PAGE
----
Examples

The following examples illustrate methods and embodiments in accordance with the invention, and as such should not be construed as imposing limitations upon the claims.

Examples 1-3 illustrate the distribution of product compounds obtained when hydro-treated soy oil is hydro-isomerized/hydocracked over three different catalyst compositions. Hydrotreated soy oil is a roughly 50/50 mixture of n-heptadecane and n-octadecane. The resulting figures only display products comprising C7 to C18 product compounds. The relative ratio of non-isomerized to isomerized product is shown.

Example 1

Referring to FIG. 1, a catalyst comprising 30 weight percent zeolite beta, 69.5 weight percent alumina binder, and 0.50 weight percent platinum is used in the hydro-isomerization of a soy oil feedstock. The isomerization of the feedstock occurs preferentially, as indicated by the low levels of C7 to C14 isomerized product.

Example 2

FIG. 2 illustrates the results of hydro-treating a soy oil feedstock over a catalyst comprising 30 weight percent silica-alumina support as the active component, 69.5 weight percent alumina binder, and 0.50 weight percent platinum. As shown, a higher level of hydro-isomerization is observed in the product compounds as compared to Example 1.

Example 3

A catalyst comprising 25 weight percent zeolite beta, 25 weight percent silica-alumina support, 49.5 weight percent alumina binder, and 0.50 weight percent platinum is used in the hydro-isomerization of the soy oil feedstock. As displayed in FIG. 3, use of the mixed catalyst results in a higher ratio of isomerized product to non-isomerized product relative to Examples 1 and 2, which provides a better freezing point, flash point and combustion characteristic for the resulting middle distillate fuel.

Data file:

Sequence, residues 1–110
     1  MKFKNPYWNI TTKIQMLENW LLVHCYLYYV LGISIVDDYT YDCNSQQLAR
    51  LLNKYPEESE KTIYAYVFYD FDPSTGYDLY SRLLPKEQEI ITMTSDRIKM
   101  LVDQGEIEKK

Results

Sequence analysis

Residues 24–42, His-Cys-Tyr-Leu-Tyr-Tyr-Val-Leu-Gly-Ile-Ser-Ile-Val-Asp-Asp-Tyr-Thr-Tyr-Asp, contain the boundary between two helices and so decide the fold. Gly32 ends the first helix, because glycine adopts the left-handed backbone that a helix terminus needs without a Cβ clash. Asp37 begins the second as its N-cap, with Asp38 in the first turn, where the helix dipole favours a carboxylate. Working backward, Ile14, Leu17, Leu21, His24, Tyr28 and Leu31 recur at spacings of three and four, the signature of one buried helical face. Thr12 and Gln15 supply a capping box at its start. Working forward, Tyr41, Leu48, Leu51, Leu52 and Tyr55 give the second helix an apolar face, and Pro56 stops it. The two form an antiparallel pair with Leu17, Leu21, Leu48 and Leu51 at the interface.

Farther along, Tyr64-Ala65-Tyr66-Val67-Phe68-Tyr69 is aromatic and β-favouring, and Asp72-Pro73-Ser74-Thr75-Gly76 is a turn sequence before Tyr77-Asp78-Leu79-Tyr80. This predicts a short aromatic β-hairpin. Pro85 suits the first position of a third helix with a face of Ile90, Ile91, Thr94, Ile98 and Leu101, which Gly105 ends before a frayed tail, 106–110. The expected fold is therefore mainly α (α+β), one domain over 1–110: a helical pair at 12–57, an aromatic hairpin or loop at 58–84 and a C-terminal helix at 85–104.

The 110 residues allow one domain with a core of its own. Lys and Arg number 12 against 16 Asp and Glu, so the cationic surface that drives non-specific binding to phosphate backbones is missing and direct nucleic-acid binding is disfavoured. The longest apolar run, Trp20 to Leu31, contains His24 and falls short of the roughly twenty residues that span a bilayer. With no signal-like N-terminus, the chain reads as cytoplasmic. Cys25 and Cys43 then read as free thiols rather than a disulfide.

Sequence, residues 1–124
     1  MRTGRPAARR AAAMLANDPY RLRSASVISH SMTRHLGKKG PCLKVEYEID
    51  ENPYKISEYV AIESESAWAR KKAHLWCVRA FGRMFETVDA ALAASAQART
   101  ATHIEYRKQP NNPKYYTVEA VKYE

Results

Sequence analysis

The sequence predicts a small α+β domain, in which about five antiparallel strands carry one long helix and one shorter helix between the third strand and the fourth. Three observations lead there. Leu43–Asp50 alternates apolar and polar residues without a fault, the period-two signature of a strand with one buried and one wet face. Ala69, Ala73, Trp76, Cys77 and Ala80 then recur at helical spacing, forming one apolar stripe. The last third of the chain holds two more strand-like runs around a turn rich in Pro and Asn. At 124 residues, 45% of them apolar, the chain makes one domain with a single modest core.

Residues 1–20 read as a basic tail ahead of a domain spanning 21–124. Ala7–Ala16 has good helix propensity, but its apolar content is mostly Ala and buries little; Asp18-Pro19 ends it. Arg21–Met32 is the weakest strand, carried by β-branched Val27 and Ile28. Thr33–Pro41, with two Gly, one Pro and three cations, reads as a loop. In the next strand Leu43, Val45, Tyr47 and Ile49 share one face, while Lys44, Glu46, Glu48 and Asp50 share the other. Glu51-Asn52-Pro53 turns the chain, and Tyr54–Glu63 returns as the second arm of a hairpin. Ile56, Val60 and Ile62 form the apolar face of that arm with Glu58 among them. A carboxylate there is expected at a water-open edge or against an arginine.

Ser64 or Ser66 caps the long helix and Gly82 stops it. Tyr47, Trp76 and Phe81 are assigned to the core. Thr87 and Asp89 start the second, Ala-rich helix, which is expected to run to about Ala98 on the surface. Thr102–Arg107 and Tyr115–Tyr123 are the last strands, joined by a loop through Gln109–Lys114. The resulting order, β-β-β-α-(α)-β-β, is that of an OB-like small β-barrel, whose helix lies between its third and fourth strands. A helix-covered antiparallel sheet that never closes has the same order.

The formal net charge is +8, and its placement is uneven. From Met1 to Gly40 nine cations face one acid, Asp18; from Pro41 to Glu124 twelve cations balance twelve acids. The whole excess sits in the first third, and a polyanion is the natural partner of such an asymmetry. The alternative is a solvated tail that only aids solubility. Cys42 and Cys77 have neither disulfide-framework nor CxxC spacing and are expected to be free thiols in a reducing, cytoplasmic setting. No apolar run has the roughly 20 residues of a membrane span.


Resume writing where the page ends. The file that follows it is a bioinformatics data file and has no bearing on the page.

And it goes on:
All ranges disclosed herein are inclusive of the endpoints, and the endpoints are combinable with each other. The terms “first,” “second,” and the like as used herein do not denote any order, quantity, or importance, but rather are used to distinguish one element from another. The use of the terms “a” and “an” and “the” and similar referents in the context of describing the invention (especially in the context of the following claims) are to be construed to cover both the singular and the plural, unless otherwise indicated herein or contradicted by context.

While the invention has been described in detail in connection with a number of embodiments, the invention is not limited to such disclosed embodiments. Rather, the invention can be modified to incorporate any number of variations, alterations, substitutions or equivalent arrangements not heretofore described, but which are commensurate with the scope of the invention. Additionally, while various embodiments of the invention have been described, it is to be understood that aspects of the invention may include only some of the described embodiments. Accordingly, the invention is not to be seen as limited by the foregoing description, but is only limited by the scope of the appended claims.

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Legal Events
DateCodeEventDescription
Dec 26, 2008ASAssignment
Free format text: ASSIGNMENT OF ASSIGNORS INTEREST;ASSIGNORS:DELUGA, GREGG ANTHONY;DERR, DANIEL LAWRENCE;REEL/FRAME:022030/0509
Owner name: GENERAL ELECTRIC COMPANY, NEW YORK
Owner name: GENERAL ELECTRIC COMPANY,NEW YORK
Free format text: ASSIGNMENT OF ASSIGNORS INTEREST;ASSIGNORS:DELUGA, GREGG ANTHONY;DERR, DANIEL LAWRENCE;REEL/FRAME:22030/509
Effective date: 20081218
Owner name: GENERAL ELECTRIC COMPANY,NEW YORK
Free format text: ASSIGNMENT OF ASSIGNORS INTEREST;ASSIGNORS:DELUGA, GREGG ANTHONY;DERR, DANIEL LAWRENCE;REEL/FRAME:022030/0509
Effective date: 20081218
Owner name: GENERAL ELECTRIC COMPANY, NEW YORK
Free format text: ASSIGNMENT OF ASSIGNORS INTEREST;ASSIGNORS:DELUGA, GREGG ANTHONY;DERR, DANIEL LAWRENCE;REEL/FRAME:022030/0509
Effective date: 20081218